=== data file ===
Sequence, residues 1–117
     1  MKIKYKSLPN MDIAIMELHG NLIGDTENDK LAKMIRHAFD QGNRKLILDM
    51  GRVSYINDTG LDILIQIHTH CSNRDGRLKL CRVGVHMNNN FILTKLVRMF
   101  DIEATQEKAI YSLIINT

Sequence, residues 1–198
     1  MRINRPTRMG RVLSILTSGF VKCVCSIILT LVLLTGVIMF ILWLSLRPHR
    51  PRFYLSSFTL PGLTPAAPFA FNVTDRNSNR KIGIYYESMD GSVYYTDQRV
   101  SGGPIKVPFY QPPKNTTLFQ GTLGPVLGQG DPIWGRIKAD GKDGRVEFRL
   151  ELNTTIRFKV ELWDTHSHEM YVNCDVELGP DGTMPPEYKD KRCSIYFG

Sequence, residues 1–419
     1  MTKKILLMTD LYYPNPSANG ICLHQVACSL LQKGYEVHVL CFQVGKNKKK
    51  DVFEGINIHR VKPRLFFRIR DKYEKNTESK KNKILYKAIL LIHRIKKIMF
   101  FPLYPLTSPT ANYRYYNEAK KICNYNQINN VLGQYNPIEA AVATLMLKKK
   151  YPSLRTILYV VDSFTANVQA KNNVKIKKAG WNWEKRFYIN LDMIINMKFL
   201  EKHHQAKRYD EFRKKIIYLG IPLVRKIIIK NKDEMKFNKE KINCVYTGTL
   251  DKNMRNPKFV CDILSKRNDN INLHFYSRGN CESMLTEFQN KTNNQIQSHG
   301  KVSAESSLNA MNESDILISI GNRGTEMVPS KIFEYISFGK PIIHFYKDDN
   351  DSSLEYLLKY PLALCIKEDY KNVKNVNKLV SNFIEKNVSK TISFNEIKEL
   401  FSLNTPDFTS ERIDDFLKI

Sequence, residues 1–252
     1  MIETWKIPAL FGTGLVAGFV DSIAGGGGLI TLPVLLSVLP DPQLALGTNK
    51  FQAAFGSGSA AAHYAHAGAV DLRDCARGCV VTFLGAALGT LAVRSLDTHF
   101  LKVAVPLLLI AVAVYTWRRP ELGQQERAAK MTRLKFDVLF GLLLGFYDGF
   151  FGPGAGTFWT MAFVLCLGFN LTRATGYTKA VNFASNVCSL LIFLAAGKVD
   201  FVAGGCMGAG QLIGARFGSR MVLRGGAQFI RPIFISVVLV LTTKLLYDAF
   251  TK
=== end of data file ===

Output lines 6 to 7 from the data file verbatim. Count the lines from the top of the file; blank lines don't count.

     1  MRINRPTRMG RVLSILTSGF VKCVCSIILT LVLLTGVIMF ILWLSLRPHR
    51  PRFYLSSFTL PGLTPAAPFA FNVTDRNSNR KIGIYYESMD GSVYYTDQRV